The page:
Is it Possible to Father Children with Male Sub-Fertility?

Around 15% of couples are infertile or are experiencing some form of difficulty conceiving a child, despite frequent and unprotected sexual intercourse across an extended period of time. There are many causes and influences in this area, including male sub-fertility. What does this mean?

The term ‘male sub-fertility’ is used, generally speaking, to describe any form of reduced male fertility with prolonged periods of unwanted non-conception. In almost a half of all cases of couples experiencing infertility issues, male sub-fertility is a factor, yet the causes were historically unknown or difficult to pinpoint.

Situations like this are often stressful, causing strains and frustration between partners and an overall feeling of depression. Nevertheless, with modern medical advancements and technology, a number of causes of male infertility can now be identified and, in many cases, treated successfully. Couples stand a better chance of conceiving through methods identified by doctors and medical professionals – and it all starts with a simple test.

Initial Tests: Sperm Production

If you are an ‘infertile’ male it does not necessarily mean you cannot, or you are unable to, produce sperm. And vice versa, if you have abnormal sperm, this does not directly correlate with you being infertile.

If you are having difficulties conceiving a child naturally across a period of 1-2 years, a medical professional may take a semen sample from you to perform a sperm test. If sperm is present but showing abnormalities this proves there are some health issues affecting the quality and quantity levels of the sperm in your semen; but it does not prove you are infertile. This will need to be investigated further, so medical professionals can treat the underlying health cause (if and when possible).

If, after treatment, the quality of sperm does not improve it will be difficult (as it has been up until this point) for the couple in question to conceive naturally – but not impossible.

What are the Options?

Most couples at this point will have two options:

  1. Carry on Trying – Couples can continue trying to conceive naturally while the man receives treatment.
  2. Assisted Reproduction – The suitability of this will depend on the man’s underlying condition. Further investigation into the cause should be undertaken first and treated if possible. If sperm can be extracted from the man, impregnation may take place.

Assisted Reproduction: Sperm Retrieval

There are a number of ways that assisted reproduction can be achieved. The most suitable and effective solution will depend on each individual patient. Impregnation is often achieved through sperm retrieval using intracytoplasmic sperm injection (ICSI).

ICSI is quite literally taking sperm and injecting them directly into an egg to enable fertilisation, the fertilised egg can then develop in the women as with other pregnancies. Fresh sperm is often used for the procedure, although excess sperm can also be frozen and used again later if needed.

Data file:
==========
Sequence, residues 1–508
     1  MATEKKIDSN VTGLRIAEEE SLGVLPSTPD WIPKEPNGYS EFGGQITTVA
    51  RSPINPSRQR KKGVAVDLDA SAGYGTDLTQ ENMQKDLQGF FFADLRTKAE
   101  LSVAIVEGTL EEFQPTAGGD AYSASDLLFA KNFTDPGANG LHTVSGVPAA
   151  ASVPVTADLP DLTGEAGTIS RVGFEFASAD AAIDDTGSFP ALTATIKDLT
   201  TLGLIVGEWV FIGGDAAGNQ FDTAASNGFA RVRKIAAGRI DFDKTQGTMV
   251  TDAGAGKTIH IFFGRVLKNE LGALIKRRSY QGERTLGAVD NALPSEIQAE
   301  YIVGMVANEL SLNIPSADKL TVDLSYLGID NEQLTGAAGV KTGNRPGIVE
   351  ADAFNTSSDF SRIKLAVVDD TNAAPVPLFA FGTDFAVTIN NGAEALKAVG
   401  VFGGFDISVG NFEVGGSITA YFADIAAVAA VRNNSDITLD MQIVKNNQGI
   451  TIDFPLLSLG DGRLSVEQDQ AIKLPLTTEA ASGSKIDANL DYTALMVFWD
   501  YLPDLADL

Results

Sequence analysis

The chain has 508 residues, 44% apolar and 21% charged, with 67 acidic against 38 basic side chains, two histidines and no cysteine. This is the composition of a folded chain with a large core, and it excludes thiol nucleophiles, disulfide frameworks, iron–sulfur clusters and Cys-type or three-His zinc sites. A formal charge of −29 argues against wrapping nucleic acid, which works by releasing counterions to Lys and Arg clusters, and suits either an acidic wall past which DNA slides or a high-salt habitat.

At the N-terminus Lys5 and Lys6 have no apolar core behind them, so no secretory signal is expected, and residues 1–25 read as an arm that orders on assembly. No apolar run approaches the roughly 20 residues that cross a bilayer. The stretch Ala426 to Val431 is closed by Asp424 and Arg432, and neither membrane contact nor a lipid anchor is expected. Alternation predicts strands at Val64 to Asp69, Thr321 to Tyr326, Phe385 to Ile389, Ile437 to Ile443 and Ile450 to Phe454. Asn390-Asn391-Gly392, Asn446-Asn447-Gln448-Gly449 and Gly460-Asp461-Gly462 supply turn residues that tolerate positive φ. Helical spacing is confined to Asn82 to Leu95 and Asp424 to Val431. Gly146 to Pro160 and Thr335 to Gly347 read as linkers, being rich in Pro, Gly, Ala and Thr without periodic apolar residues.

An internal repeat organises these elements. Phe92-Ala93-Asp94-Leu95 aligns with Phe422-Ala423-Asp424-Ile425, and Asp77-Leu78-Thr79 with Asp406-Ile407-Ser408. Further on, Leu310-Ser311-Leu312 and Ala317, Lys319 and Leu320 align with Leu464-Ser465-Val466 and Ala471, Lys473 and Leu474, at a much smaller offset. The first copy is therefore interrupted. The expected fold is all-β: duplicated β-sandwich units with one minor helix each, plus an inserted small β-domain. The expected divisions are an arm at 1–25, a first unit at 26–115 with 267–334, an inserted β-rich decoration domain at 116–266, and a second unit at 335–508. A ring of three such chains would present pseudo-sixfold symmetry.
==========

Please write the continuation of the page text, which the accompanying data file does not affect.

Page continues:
Sperm retrieval methods include:


Excess sperm is stored in the epididymis, which is a duct found just behind the testicles. Retrieving fresh sperm from this duct is the least complicated and most common method of sperm retrieval. This procedure is known as a percutaneous sperm aspiration and it will often provide a good quantity of sperm to work with. If this method is not possible, then there are still other options that can be attempted. The PESA procedure is fairly straightforward and is usually carried out under a local anaesthetic.


TESA (testicular sperm aspiration) involves removing sperm directly from the testicles and is usually only carried out when percutaneous sperm aspiration is not possible. The procedure involves extracting sperm from the tubules using a needle that is inserted through the scrotal sac. The TESA procedure is a fairly straightforward procedure and is usually carried out under a local anaesthetic.


Micro epididymal sperm aspiration is very similar to percutaneous sperm aspiration as it involves taking sperm directly from the epididymis. In this case, though, the epididymis is exposed to make it clearly visible for the procedure to be performed. The MESA procedure is usually carried out under a local anaesthetic.


TESE, or micro-dissection sperm retrieval, involves opening the testicles and operating to remove tubules that contain sperm. This procedure is not as straightforward as some of the other options and is usually carried out under a general anaesthetic.

Every Case and Each Patient is Different

The key thing to remember here is, although there are many similarities across the board, most cases of male sub-fertility differ from one another. They affect each patient differently, have altering ramifications and may be treated with alternative methods depending on the issues being experienced. If you are finding it extremely difficult to conceive naturally, do not fret, there is still a very good chance that you will be able to achieve your goal. You just need to identify what the problem is so that a medical professional can apply the right treatment. Every case can be very different from others, though, and procedures are not always as straightforward as we would like them to be. This means that you might have to wait for some time, so it is important to remain patient. The wait and any inconvenience caused will be well worth it should you achieve your goal!

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